Thursday, July 27, 2006

Waste, junk, consumerism, excess, moving house, and why collecting junk is like running the government

I will shortly be moving house. Therefore, it is an opportunity to reassess my wardrobe, throw away junk and otherwise slim down my list of possessions.

This is an extraordinarily difficult task. Apart from the impulse purchases, all the junk items I've accumulated over my life were bought for a purpose. Therefore, even stuff that hasn't been used for a year is hard to part with.... "but I might need it again! It would be a waste to bin it only to have to buy it again".

There are several issues here:

  • Some people regard it as in someway wrong to bin things that they don't need but which work

    • But.... they're not valuable enough to sell in any efficient manner

    • So... perhaps they should be given away... but to who? Who wants a six year old answering machine?

  • Gifts are difficult - it feels wrong to dispose of things that others have gifted to you

  • It seems wasteful to part with items that you may need again

There are various solutions to these problems.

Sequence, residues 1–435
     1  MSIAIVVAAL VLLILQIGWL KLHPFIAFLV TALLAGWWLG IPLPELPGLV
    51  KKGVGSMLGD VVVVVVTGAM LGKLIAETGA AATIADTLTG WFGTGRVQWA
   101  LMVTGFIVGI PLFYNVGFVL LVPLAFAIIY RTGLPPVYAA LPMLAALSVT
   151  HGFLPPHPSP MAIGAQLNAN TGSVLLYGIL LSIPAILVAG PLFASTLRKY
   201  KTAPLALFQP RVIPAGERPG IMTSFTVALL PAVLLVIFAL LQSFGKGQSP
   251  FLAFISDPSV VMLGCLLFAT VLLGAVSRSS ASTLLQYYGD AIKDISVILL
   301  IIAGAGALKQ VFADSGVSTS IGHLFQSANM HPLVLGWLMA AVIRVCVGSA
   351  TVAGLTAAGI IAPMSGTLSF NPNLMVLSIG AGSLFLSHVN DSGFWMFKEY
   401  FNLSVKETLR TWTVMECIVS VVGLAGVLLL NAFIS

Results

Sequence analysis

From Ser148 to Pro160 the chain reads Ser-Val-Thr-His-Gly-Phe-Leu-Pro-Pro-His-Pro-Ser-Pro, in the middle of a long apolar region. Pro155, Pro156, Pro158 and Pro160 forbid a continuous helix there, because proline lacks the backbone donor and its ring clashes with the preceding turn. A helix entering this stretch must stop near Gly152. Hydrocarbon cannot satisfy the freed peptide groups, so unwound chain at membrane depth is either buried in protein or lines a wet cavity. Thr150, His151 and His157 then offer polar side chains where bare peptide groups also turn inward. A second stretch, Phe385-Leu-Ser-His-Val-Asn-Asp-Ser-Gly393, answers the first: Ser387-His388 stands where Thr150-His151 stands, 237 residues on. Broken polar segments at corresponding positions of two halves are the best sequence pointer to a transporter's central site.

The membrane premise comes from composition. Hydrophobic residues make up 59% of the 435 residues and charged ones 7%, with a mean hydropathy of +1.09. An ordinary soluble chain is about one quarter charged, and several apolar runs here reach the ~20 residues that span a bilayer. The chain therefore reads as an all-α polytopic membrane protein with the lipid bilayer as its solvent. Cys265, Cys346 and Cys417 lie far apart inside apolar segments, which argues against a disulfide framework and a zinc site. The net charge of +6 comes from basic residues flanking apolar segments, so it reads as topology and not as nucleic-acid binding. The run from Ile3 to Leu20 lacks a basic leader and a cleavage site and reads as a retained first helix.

• eBay lowers the costs of marketing your unwanted items to a large number of people but there are transaction costs, fulfilment is a pain (you have to post all the junk) and there is a non-zero time cost in doing it

  • Companies such as flogit4u will do all the hard work for you but there is a minimum value for items they will take

  • Charity shops will take a lot of stuff but dumping junk on them is probably not something they would appreciate.

  • The "Freecycle" movement looks interesting. Thanks Chris

The solution I have come up with, therefore, is multi-faceted.

  • I will fill small boxes with items I no longer need and put the box as a whole on eBay. The first such box is here.

  • I will give unwanted clothes to charity

  • I will bin the rest

  • I was very tempted by freecycle but I couldn't risk the extra stress of having to coordinate multiple deliveries and collections while I was in the middle of moving house.

I can't help thinking that bundling my items will result in a lower price than had I sold them separately. But the thought of having to list and post individual phone chargers and telephone cables and alarm clocks leaves me cold. Far better for someone with more time to buy the box and make a profit by remarketing the contents separately. If you're such a person, buy this box!

At the end of this thought process, however, I have reached a depressing conclusion: the same process that results in massive piles of junk "that I might just need" is precisely the process that results in ever more regulation, bureaucracy, unnecessary governmental intervention, obscure laws and other unwarranted expansion by the state: it's very easy to acquire new stuff but very, very hard to get rid of it. Accordingly, my house move has only served to confirm my suspicion that governments should be forced to justify at length and to a high standard any new invasion of our lives before they do it. It's too late once they've done it!

No comments: